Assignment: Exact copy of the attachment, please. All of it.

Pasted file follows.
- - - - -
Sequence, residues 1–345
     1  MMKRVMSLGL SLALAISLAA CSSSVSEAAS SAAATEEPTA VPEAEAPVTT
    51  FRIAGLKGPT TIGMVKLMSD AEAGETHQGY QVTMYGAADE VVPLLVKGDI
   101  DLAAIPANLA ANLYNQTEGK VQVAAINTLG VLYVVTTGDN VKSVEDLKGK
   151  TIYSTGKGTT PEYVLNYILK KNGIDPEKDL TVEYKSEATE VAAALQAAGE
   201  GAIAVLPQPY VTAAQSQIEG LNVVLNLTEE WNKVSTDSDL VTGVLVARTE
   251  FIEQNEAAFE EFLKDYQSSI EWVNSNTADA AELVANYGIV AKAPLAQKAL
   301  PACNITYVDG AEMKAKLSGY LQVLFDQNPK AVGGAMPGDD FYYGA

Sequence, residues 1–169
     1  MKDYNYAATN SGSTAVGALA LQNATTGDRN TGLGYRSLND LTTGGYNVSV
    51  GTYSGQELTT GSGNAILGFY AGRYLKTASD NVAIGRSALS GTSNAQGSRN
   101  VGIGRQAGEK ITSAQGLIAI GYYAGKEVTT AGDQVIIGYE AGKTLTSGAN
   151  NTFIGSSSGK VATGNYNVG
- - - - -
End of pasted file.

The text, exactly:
Sequence, residues 1–345
     1  MMKRVMSLGL SLALAISLAA CSSSVSEAAS SAAATEEPTA VPEAEAPVTT
    51  FRIAGLKGPT TIGMVKLMSD AEAGETHQGY QVTMYGAADE VVPLLVKGDI
   101  DLAAIPANLA ANLYNQTEGK VQVAAINTLG VLYVVTTGDN VKSVEDLKGK
   151  TIYSTGKGTT PEYVLNYILK KNGIDPEKDL TVEYKSEATE VAAALQAAGE
   201  GAIAVLPQPY VTAAQSQIEG LNVVLNLTEE WNKVSTDSDL VTGVLVARTE
   251  FIEQNEAAFE EFLKDYQSSI EWVNSNTADA AELVANYGIV AKAPLAQKAL
   301  PACNITYVDG AEMKAKLSGY LQVLFDQNPK AVGGAMPGDD FYYGA

Sequence, residues 1–169
     1  MKDYNYAATN SGSTAVGALA LQNATTGDRN TGLGYRSLND LTTGGYNVSV
    51  GTYSGQELTT GSGNAILGFY AGRYLKTASD NVAIGRSALS GTSNAQGSRN
   101  VGIGRQAGEK ITSAQGLIAI GYYAGKEVTT AGDQVIIGYE AGKTLTSGAN
   151  NTFIGSSSGK VATGNYNVG